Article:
After a brief interlude for some Cajun crustaceans, I returned to Emo's to find the Biz3 productions party in full swing. The essential theme here was electroclash in the front and hip-hop in the rear. Crystal Castles sounded like club music's answer to the Yeah Yeah Yeahs, partially because the duo had a (crappy) live drummer. He's apparently not actually in the band, so the numbers don't really add up. Still, the tension between a geeky boy making weird sounds with his tool(s) and a snarling vixen with a lithe and threatening stage presence is present in both bands. There was a strobe light and there was screaming, and the backing tracks veered wildly between sounding like digital hardcore and Peaches, and the set ended, brattily, after only 15 minutes. Luckily, they compared favorably with the subsequent act, London's Does it Offend You, Yeah?, who were definitely the worst thing I'd seen so far—essentially nü-rave's answer to Limp Bizkit, complete with entirely unwarranted self-regard and buffoonish stage presence. Their music was almost unbelievably simplistic, and they achieved self-caricature when the awesome t-shirt-wearing singer tripped and fell and almost knocked his keyboard into the crowd. Nevertheless, the audience seemed to be really feeling it—which is, I suppose, one of the nice things about a festival of this size. There's truly something for everyone. Even frat boys, who whooped it up when DJs Flosstradamus dropped "Jump Around." And then played almost the entire song. (Hey, I don't mean to hate. It's fun to play that song as a DJ; its Pavlovian effects on white men are almost as pronounced as those of "Like a Prayer.")
After a brief stop to wallow in nostalgia for the days when hip-hop was real, with the actually kind of fun '80s throwbacks Cool Kids, award-winning DJ A-Trak arrived to show the other DJs who was boss. And CEO. And Dictator-for-Life of the Galaxy. Seriously, folks, the things this guy did with "Music Sounds Better with You," "(It's Bigger Than) Hip Hop," and M.A.N.D.Y.'s "Body Language," not to mention like 60 other songs, were almost indescribably mean. That he only had half an hour to work his magic was a travesty. Luckily, he stuck around to DJ for Chicago's Little Sister, who's also on his label. Her sound is essentially an update of the hip-house of the early '90s, and though her voice sounded strained (emcees were complaining about mic levels all night), the songs themselves were catchy and fun. The club hit "Beeper"—she guests on the Count & Sinden's track—is a perfect encapsulation of her appeal: slightly, winkingly anachronistic, with plenty of sass. Also, she rapped over "Shake & Pop" by Green Velvet and I kind of made a mess in my pants.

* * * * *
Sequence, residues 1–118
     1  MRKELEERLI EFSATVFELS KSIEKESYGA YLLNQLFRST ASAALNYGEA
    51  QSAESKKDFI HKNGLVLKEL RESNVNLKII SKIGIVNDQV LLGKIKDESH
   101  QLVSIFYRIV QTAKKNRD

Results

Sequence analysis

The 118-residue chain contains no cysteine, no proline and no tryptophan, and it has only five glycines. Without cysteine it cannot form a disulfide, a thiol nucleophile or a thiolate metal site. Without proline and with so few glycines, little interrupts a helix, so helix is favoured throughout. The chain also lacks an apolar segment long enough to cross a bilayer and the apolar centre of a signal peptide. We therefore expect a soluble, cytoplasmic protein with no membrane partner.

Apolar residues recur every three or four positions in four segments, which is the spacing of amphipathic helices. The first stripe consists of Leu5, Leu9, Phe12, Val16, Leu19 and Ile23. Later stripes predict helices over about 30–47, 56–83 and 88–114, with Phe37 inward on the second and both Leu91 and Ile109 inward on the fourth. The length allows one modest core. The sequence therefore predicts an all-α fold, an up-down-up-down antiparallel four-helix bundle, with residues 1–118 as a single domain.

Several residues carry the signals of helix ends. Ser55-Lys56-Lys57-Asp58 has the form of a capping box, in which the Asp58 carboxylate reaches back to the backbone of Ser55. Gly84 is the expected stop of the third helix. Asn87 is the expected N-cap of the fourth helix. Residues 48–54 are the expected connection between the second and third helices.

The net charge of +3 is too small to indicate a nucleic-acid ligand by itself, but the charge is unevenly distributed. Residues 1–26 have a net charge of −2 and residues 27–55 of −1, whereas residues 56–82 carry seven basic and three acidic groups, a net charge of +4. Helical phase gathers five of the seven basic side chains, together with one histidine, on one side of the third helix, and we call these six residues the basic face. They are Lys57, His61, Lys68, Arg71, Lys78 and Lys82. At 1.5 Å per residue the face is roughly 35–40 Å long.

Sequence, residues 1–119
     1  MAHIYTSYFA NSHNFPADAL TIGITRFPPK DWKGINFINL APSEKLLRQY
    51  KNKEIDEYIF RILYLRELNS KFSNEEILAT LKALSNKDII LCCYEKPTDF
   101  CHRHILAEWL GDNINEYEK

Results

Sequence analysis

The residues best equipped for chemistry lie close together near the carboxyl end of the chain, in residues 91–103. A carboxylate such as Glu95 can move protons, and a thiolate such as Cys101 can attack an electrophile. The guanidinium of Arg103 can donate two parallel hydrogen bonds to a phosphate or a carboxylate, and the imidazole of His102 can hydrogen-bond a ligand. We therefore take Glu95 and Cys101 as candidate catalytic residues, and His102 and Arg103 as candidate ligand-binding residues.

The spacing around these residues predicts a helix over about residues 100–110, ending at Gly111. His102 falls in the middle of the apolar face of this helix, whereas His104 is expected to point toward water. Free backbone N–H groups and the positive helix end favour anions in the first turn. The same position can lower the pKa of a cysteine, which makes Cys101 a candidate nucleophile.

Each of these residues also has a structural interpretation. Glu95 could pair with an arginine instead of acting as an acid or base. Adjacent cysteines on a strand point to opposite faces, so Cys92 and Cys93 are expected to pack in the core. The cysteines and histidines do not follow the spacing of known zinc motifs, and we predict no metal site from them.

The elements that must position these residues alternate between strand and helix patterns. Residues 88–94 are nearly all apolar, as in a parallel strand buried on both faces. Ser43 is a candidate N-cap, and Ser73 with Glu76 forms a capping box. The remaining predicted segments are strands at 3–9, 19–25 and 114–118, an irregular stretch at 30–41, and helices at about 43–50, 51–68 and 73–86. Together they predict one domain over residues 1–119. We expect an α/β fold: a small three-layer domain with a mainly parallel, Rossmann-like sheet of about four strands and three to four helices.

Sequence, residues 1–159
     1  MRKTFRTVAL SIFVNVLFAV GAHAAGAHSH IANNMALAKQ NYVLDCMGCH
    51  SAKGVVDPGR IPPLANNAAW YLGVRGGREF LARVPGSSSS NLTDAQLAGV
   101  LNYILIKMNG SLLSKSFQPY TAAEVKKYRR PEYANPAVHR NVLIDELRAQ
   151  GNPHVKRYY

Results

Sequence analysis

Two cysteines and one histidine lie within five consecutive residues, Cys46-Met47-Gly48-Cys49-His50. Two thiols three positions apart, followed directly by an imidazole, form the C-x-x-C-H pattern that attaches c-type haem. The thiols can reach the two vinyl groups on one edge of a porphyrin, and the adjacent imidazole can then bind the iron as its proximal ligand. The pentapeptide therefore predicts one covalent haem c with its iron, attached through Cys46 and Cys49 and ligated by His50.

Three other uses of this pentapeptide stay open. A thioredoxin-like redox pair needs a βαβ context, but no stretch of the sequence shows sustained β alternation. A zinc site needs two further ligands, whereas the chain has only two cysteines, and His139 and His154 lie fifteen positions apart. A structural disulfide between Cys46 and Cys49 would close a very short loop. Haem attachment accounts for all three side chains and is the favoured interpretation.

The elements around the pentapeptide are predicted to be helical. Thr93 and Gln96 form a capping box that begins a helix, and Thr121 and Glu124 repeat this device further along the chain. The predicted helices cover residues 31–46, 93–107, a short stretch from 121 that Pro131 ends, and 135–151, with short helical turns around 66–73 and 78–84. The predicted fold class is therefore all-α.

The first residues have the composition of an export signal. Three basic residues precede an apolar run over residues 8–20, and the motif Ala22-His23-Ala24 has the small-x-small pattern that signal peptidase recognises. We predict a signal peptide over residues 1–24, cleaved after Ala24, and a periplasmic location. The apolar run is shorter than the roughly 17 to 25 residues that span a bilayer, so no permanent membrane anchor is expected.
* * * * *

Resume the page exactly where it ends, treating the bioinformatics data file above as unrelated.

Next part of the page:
The night was all buildup to an appearance by indie rock's favorite black people, Clipse, and while I wish I could say that they lived up to their promise (seriously, people, Hell Hath No Fury is front-to-back solid gold, not to mention the Neptunes' finest work in the last five years), it was mostly a good example of why I tend to steer clear of rap shows. Their DJ spun 2Pac and Biggie while we waited for them to show, which seemed an oddly portentous, morbid thing to do; when they arrived, they played hits from their last record as well as stuff they made listenable by other artists. Pusha T introduced "What Happened to That Boy" like so: "This is technically by some other people, but we're the only people who matter on this track." Birdman was apparently not in the house. But hey, Ice Cube was! While the Clipse are to be lauded for their fine work on mixtapes, the live experience really didn't add anything to their work; the tracks were all the same, and the vocals sounded breathless and rushed, as is seemingly almost always the case with live hip-hop. This music is for riding around, shining, in ridiculous automobiles; it doesn't quite translate in sweaty rock clubs. Especially not when the band is living up to their reputation for petulance by asking the crowd to raise their hands if they have Hell Hath No Fury, then asking people who downloaded it to identify themselves, then yelling out, "Liars!" when the cheers fade. It wasn't really a good look for them.
This blog entry was originally published on Slant Magazine on the date above.